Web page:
3. Stop trespassing into unconstitutional indoctrination!  It’s illegal for the schools to be sectarian.  If we follow section 189 of the KY constitution all funding is effectively stripped from the school system.  If section 189 is repealed, we will see JCPS permanently marginalized without hope of recovery.  So either reform now or forget the public school system as we know it.
4. Get rid of the failed sex education which has contributed to the destruction of the nuclear family.

8.         Background:.JCPS’ first (2013) and subsequent “Equity Scorecard” reports have quantified the racial inequities in disciplinary outcomes, particularly in racially-disproportionate arrests and use of out-of-school suspensions. National research data show that out-of-school suspension is a key predictor of future low achievement, dropping out, delinquency, and incarceration. Just one suspension doubles the chance of dropping out. These inequities do not occur uniformly in every school across JCPS.  

National research also shows that out-of-school suspensions are ineffective at changing student behaviors.  Suspended students are more likely to repeat behaviors, and consequences, again. Suspensions accelerate declines in academic performance both because of the lost learning time and the disengagement from loss of a sense of belonging.

Suspensions are also expensive for JCPS—e.g., a loss of attendance-based funding and the cost of providing “alternative schools”.  While all that research is clear, though, some JCPS teachers (as indicated by national TELL surveys) feel they do not have all the skills and resources to maintain their classrooms without using out-of-school suspension for “crises”. 

Multiple or serious suspensions can lead to assignment to one of JCPS’ alternative schools.  Some of these schools have had precious little education going on.  At one alternative school, the student population is almost 60% African American and 40% special needs students.

Question 8: How can we simultaneously create a sense of belonging in safe and welcoming schools to reduce unwanted behaviors and to radically decrease use of out-of-school suspensions? How would you pay for the programs, training, etc.? How can we decrease the disproportionalities of alternative school placements, and, more generally, find ways to keep more students in all demographic groups in schools where they can develop their social skills and maintain their progress in learning?

District 5 Candidate Answers:

Linda Duncan—District 5

Reducing the behaviors that trigger the use of suspension is the beginning point for a discussion of reducing the need to separate offenders from their victims.  Some behaviors are so egregious there must be a way of getting the offender into a different setting.  When students observe violent behavior imposed on others, they, too, become victims of violence.  It is frightening for students to watch someone hurt someone else, and then for that offender show up in the next class as if nothing happened.  The same can be said for students who display guns at school.  That traumatizes everyone who experienced that threat.  Keeping that gun-toter in school as if nothing happened is frightening to the other students and should not happen.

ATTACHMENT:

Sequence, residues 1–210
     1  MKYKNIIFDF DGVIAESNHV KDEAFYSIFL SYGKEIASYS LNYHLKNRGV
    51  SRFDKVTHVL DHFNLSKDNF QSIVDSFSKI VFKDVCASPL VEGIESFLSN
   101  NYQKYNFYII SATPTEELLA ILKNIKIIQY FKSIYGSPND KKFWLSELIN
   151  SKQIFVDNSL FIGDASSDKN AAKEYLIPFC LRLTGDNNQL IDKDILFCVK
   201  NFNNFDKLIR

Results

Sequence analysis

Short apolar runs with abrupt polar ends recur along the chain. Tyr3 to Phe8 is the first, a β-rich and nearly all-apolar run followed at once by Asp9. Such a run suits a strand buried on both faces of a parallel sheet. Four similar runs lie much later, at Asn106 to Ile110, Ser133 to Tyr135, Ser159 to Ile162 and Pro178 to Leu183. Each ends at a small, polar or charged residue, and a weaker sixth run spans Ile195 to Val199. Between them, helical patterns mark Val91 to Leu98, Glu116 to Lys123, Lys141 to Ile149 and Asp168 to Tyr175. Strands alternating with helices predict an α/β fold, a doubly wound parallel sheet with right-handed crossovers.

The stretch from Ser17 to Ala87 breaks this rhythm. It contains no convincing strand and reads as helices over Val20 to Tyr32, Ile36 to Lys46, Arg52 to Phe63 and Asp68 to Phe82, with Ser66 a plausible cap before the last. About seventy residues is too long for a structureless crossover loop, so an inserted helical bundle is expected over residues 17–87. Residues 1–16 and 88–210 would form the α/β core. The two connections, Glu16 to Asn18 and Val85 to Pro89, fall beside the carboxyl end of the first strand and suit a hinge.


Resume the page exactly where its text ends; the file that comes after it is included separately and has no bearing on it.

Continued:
I believe we need better-funded alternative schools where kids who hurt others or threaten others have access to professional counseling to reach root causes of why that student assaulted a staff member or was carrying a gun (and how he/she got it.). The violent offenders have the greatest need for one-on-one attention before academics are assigned.  Those with emotional issues or family stability issues or abuse issues must be served intensely in another setting in order to stabilize their behavior, after which their academic needs can be evaluated and addressed individually.

Gregory Puccetti—District 5

Mr. Puccetti did not respond to the questionnaire.

Matthew Singleton—District 5

Stop weighing in on social issues and trying to progressively redefine humanity! JCPS has scared off a lot of populations.  The Narcissist have to stop! Anyone who wants to kidnap children for castration will be thrown in jail! I have been informed of dozens of atrocities and what goes around comes around.
When JCPS practices the tolerance they preach there will be tons of people who will be willing to work with the system. Alternatives would include localize busing.  Consider adding an hour to class and having a four-day weekend, cutting all construction. Fundraisers, possibly projects through social media.

9.         Background: Armed, sworn officers (school safety officers–SSOs, school resource officers SROs) in schools have been shown to actually increase arrests and suspensions and decrease student sense of belonging, particularly for students of color.  Nationwide, they have not been found to effectively stop mass shootings in schools.

In response to previous state legislation, JCPS had previously proposed a “circuit rider” approach, where each officer drove around to several assigned schools but would not go inside the building unless specifically called in by the principal.

The 2022 Kentucky legislature passed legislation (HB63) that requires one armed police officer (SRO) fulltime onsite per school. The original compliance deadline was August 2022, but more than half of all KY schools—including JCPS–cannot comply, either because of costs or inability to find qualified candidates. The law requires that each district must inform the state’s Security Marshal why they can’t meet the deadline and work out a plan to accomplish it. Till then, the law directs districts to meet the goal on a “per school” basis. 

Question 9: Given the national research findings, do you support armed/sworn officers in JCPS schools? How would you respond to the state legislation? How can student voice help direct this work?

District 5 Candidate Answers:

Linda Duncan—District 5